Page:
Heart Disease (cont.)
Benjamin Wedro, MD, FACEP, FAAEM
Dr. Ben Wedro practices emergency medicine at Gundersen Clinic, a regional trauma center in La Crosse, Wisconsin. His background includes undergraduate and medical studies at the University of Alberta, a Family Practice internship at Queen's University in Kingston, Ontario and residency training in Emergency Medicine at the University of Oklahoma Health Sciences Center.
Daniel Lee Kulick, MD, FACC, FSCAI
Dr. Kulick received his undergraduate and medical degrees from the University of Southern California, School of Medicine. He performed his residency in internal medicine at the Harbor-University of California Los Angeles Medical Center and a fellowship in the section of cardiology at the Los Angeles County-University of Southern California Medical Center. He is board certified in Internal Medicine and Cardiology.
Melissa Conrad Stöppler, MD
Melissa Conrad Stöppler, MD, is a U.S. board-certified Anatomic Pathologist with subspecialty training in the fields of Experimental and Molecular Pathology. Dr. Stöppler's educational background includes a BA with Highest Distinction from the University of Virginia and an MD from the University of North Carolina. She completed residency training in Anatomic Pathology at Georgetown University followed by subspecialty fellowship training in molecular diagnostics and experimental pathology.
In this Article
- Heart disease facts
- Introduction to heart disease
- What are the risk factors for heart disease?
- What are the symptoms of heart disease?
- How is heart disease diagnosed?
- Electrocardiogram (ECG or EKG)
- Stress testing
- Perfusion studies
- Computerized tomography
- Heart catheterization or coronary angiography
- What is the treatment for heart disease?
- Prevention of heart disease
- Modifying risk factors for heart disease
- Medications for heart disease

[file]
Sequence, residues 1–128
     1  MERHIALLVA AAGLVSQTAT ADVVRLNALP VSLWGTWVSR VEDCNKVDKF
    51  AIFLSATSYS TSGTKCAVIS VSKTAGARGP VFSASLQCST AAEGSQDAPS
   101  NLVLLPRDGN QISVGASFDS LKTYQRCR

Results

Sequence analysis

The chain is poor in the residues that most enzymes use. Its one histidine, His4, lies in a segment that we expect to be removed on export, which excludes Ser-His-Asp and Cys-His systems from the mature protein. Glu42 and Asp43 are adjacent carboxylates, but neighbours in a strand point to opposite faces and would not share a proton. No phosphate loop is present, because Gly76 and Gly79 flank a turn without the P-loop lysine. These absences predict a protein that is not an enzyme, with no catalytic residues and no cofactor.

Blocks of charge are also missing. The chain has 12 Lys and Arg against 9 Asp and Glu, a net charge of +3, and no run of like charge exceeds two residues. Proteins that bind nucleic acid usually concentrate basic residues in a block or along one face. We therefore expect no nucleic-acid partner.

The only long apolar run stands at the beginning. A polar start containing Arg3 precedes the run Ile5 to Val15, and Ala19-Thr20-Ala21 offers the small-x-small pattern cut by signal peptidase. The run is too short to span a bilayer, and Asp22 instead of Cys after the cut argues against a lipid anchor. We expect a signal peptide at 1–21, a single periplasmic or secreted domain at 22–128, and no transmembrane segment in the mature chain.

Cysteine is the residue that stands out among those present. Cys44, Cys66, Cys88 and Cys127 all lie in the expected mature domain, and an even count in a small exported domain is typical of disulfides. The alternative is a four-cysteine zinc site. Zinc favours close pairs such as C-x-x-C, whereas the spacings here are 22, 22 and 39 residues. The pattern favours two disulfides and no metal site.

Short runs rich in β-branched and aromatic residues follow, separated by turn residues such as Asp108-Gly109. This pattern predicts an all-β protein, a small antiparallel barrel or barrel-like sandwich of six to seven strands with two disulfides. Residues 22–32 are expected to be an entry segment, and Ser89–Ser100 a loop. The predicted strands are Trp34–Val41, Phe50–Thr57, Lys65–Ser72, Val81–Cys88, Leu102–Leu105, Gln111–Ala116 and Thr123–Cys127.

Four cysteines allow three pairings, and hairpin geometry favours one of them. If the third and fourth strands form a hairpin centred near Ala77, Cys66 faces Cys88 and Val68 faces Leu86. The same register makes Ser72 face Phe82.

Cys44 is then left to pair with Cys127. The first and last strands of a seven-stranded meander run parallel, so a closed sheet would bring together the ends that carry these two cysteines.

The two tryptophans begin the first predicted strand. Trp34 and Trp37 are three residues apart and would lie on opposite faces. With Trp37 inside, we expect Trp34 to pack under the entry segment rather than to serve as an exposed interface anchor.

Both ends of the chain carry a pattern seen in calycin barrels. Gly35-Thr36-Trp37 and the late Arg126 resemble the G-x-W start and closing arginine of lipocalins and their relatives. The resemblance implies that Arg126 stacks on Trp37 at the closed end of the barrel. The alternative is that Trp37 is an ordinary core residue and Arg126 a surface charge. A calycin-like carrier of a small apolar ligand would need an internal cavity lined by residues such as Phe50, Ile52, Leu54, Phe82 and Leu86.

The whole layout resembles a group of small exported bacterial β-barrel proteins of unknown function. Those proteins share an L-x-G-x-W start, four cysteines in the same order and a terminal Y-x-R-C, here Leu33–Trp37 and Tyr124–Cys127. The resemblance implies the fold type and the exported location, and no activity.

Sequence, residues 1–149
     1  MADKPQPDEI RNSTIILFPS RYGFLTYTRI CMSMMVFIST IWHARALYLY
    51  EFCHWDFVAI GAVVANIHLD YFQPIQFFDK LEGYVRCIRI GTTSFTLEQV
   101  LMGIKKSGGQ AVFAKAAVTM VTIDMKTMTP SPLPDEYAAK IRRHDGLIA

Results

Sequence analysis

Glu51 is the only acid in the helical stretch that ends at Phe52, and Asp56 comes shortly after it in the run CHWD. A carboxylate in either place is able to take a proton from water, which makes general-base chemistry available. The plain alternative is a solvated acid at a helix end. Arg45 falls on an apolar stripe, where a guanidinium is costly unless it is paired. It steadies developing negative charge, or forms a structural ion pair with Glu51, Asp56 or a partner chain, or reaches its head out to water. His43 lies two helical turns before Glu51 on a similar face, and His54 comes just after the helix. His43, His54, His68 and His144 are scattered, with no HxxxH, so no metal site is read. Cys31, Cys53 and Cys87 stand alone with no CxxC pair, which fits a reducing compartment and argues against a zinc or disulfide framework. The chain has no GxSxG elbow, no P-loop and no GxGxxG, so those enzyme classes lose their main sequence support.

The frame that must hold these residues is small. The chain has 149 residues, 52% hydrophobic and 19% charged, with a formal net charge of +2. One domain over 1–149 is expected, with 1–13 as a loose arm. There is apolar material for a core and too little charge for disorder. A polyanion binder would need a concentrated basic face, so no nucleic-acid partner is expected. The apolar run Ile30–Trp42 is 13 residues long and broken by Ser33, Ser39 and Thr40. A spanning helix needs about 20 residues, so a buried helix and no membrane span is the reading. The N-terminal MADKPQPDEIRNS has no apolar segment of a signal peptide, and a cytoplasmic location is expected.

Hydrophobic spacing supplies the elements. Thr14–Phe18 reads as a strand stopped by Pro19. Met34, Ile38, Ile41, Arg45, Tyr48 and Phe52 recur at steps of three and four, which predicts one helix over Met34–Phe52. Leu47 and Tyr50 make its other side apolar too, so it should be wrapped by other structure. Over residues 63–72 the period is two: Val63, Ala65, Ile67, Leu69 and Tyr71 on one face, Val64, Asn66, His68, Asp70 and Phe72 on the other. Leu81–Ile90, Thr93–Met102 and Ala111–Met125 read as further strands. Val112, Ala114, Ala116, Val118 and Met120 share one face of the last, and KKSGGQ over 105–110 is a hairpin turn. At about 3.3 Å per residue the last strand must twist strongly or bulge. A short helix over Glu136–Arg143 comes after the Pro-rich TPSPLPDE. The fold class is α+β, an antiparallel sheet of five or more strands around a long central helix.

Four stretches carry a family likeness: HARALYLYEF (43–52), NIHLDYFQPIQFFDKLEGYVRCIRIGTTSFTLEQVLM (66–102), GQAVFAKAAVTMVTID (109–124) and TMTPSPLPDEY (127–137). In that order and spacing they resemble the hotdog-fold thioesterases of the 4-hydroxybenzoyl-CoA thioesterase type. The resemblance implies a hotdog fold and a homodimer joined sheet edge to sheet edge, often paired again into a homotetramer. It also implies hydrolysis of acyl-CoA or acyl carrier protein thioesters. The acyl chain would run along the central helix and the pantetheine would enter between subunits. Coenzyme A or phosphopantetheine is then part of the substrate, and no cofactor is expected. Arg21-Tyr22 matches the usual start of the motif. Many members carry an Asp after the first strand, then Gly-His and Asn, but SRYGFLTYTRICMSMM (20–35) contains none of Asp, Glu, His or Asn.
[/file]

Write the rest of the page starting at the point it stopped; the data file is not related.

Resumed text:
- Angioplasty and stents for heart disease
- Surgery for heart disease
- Heart Disease FAQs
- Find a local Cardiologist in your town
Used with or without exercise, echocardiography can assess how the heart works. Using sound waves to generate an image, a cardiologist can evaluate many aspects of the heart. Echocardiograms can examine the structure of the heart including the heart valves, the thickness of the heart muscle, the septum (the tissues that separate the four heart chambers from each other) and the pericardial sac (the outside lining of the heart).
The test can indirectly assess blood flow to parts of the heart muscle. If there is decreased blood flow, then segments of the heart wall may not beat as strongly as adjacent heart muscle. These wall motion abnormalities signal the potential for coronary artery disease.
The echocardiogram can also assess the efficiency of the heart by measuring ejection fraction. Normally when the heart beats, it pushes more than 60% of the blood in the ventricle out to the body. Many diseases of the heart, including coronary artery disease, can decrease this percentage (the ejection fraction).
Radioactive chemicals like thallium or technetium can be injected into a vein and their uptake measured in heart muscle cells. Abnormally decreased uptake can signify decreased blood flow to parts of the heart because of coronary artery narrowing. This test may be used when the patient's baseline EKG is not normal and is less reliable when used to monitor a stress test.
The latest generation of CT scanners can take detailed images of blood vessels and may be used as an adjunct to determine whether coronary artery disease is present. In some institutions, the heart CT is used as a negative predictor. That means that the test is done to prove that the coronary arteries are normal rather than to prove that the disease is present.
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